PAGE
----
BISHOP | The unenviable task of Stansbury is to win a lot – and soon
Welcome to Bowling Green, Rick Stansbury. Time to start winning.
Harsh as that introduction may seem, if I’ve learned anything in my time covering Western Kentucky, it’s that Hilltopper fans do not settle for anything but victories. And lots of ‘em.
The WKU basketball program has only had 12 losing seasons since 1964, and just one since 2000 (and even then, in 2011-12, Ray Harper took that 16-19 team to the NCAA tournament). Because of this, those in BG do not cope well when the losses outnumber the wins.
And that’s perfectly OK. That’s what separates Western Kentucky basketball from so many of its peers.
Stansbury, of course, has won, can win, and will win. His resume from Mississippi State speaks for itself: 10 20-win seasons, six NCAA Tournament appearances (a 4-6 record), five trips to the NIT (a 6-5 record), three preseason AP Top 25 rankings, and a rise to as high No. 4 in the country in 2003-04.
Is that sort of success even possible at Western Kentucky? Stansbury is charged with making Hilltopper fans, at the very least, believe it is. And making them believe it sooner than later.
The 56-year-old coach, however, is not inheriting the best of situations. Three players remain suspended, the result of a University Disciplinary Committee hearing March 17. Three other players from this year’s team were seniors and have exhausted their eligibility. Only one player has signed a letter of intent to play for Western Kentucky next year.
It’s not as if Stansbury falls into a program with a veteran team on the heels of a championship season. He won’t have the advantage of picking up right where the prior regime left off.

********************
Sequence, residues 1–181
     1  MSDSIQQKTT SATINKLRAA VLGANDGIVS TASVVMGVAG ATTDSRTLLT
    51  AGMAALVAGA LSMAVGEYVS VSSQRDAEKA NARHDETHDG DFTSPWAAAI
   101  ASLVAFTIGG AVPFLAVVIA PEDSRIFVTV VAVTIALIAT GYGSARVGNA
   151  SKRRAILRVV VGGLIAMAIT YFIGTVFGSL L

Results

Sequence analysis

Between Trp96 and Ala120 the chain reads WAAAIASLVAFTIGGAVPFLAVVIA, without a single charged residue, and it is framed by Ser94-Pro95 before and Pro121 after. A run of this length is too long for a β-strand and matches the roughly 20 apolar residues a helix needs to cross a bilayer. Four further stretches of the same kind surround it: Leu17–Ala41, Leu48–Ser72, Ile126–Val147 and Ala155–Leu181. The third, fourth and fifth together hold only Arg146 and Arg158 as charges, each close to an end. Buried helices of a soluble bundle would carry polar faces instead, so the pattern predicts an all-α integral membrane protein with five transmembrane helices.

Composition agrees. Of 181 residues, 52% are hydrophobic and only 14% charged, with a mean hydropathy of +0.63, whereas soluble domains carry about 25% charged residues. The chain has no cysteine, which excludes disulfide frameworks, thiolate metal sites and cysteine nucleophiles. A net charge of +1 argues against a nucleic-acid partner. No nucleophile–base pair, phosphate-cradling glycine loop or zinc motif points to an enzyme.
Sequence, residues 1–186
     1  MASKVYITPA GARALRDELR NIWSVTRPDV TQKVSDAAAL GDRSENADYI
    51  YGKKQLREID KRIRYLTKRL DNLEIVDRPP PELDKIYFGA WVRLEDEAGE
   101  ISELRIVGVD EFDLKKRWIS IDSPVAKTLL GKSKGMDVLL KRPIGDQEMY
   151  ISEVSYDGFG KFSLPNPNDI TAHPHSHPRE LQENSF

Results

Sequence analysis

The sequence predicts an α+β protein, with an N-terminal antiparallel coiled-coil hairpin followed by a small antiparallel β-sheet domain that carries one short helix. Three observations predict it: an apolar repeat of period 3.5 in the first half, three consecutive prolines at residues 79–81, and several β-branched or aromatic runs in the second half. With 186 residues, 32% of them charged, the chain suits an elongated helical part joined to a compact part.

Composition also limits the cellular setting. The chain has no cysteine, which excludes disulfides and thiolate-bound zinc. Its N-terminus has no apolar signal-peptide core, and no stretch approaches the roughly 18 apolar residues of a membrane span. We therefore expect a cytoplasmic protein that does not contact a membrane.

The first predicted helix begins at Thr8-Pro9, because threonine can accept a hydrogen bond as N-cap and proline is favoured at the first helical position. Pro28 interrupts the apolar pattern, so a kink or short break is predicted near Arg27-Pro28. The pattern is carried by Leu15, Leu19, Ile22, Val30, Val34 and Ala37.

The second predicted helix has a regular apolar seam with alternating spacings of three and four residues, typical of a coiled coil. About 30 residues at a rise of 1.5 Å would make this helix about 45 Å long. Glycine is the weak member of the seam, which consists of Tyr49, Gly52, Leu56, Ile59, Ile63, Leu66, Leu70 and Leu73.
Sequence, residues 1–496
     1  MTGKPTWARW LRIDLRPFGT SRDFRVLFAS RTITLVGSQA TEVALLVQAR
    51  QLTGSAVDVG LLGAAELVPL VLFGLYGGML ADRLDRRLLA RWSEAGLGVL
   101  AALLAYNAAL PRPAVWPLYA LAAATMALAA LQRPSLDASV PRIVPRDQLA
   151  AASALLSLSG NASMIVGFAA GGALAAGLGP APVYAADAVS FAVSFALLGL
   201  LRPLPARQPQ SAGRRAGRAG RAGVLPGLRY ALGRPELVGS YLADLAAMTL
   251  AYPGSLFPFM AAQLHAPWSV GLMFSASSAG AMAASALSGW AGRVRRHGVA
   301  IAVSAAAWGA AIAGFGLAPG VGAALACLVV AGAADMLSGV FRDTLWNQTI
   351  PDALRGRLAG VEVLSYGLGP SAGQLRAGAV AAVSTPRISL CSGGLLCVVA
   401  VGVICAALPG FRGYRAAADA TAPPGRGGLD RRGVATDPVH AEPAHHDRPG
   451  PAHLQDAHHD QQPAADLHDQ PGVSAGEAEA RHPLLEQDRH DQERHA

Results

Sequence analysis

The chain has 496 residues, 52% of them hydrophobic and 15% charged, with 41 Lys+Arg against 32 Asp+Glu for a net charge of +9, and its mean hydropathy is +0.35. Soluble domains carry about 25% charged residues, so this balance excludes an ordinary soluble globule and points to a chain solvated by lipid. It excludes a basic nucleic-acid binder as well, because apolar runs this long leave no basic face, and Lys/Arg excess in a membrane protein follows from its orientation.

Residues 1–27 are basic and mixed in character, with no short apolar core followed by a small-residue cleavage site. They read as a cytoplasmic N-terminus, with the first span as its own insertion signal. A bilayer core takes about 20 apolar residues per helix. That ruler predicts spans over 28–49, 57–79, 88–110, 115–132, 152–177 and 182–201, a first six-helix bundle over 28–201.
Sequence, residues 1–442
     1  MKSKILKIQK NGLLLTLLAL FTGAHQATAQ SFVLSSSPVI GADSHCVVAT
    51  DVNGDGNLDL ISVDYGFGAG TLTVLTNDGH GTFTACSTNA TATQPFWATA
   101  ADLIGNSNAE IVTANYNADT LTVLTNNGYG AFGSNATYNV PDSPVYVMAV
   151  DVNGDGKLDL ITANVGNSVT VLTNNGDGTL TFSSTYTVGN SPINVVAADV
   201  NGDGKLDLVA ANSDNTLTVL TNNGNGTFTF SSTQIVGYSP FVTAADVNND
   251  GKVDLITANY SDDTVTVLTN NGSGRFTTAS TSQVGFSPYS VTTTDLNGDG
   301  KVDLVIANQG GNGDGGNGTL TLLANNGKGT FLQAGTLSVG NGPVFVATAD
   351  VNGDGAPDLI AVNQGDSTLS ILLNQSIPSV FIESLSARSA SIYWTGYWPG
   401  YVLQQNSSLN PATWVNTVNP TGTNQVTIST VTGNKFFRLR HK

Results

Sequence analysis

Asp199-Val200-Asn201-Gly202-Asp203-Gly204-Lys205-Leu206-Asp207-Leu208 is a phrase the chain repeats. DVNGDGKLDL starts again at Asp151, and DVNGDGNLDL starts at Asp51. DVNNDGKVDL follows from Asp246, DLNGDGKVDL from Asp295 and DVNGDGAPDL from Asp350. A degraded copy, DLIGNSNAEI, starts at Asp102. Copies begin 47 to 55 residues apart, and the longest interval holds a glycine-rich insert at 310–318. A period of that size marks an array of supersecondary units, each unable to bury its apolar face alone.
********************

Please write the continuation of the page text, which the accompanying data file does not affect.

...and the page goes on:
It’s not out of the question that WKU’s new coach may have to scrap most of what’s left and start from ground zero with a mostly-new roster and mostly-new coaching staff. How long will the Western faithful be patient until they see palpable results?
Stansbury’s teams at Mississippi State were built on rebounding and defense – his Bulldogs never allowed more than 71 points per game in any one season, and allowed just 59.7 per game in 2002-03. He also molded his legacy by luring incredibly gifted athletes to Starkville, Miss., a town less than half the size of Bowling Green.
His first three years at MSU the Dogs went 52-42, no reason for the locals to get restless over a program that went to the NCAA Tournament just four times in its history before Stansbury took the reins in 1998. The 11 seasons after for State included six trips to the Dance – the same number of trips WKU took between 2002-2013.
Stansbury has, give or take, four years to make Western Kentucky the premier program in Conference USA. Ray Harper resigned after four full seasons. Ken McDonald was fired during his fourth. Matt Kilcullen was fired at the end of his fourth. Murray Arnold and WKU parted ways after four seasons.
Stansbury’s 293 career wins today won’t help him if the Tops are mired in mediocrity in 2020.
There will be much hoopla Monday surrounding Stansbury’s hire. He’ll win the news conference. He’ll win over fans with promises of success. He’ll win over the community by ensuring everyone he runs a family-oriented program with high-character kids.
Now all the boss from Battletown has to do is win everything else. Godspeed.
The Western Kentucky women's team had its season end Sunday night at South Dakota. But don't despair.
Michelle Clark-Heard's team got to play four extra days and be together 2 1/2 extra weeks. And we can't stress enough how big that is for the 2016-17 season.
Congrats are in order for a Lady Toppers' team that wasn't supposed to be nearly that good. Conference USA best be ready for 'em next year.
The aftermath of my shattered bracket has but one team remaining – Oklahoma... who I picked to lose in the title game... to Michigan State. Shameful.
So I'm going to pick OU and Buddy Hield to beat Villanova.
On the other side, these Syracuse guys won't go away, eh? Give me North Carolina to finally knock off the Orange, then the Heels to slip past Oklahoma for the national title.
83-68 as we enter the slow prediction season.
Western Kentucky football coach Jeff Brohm when asked Monday if any of his four quarterbacks stood out on the first day of spring practice: “No.”
Remembering Malik Taylor, known as Phife Dog, part of A Tribe Called Quest, who died last week: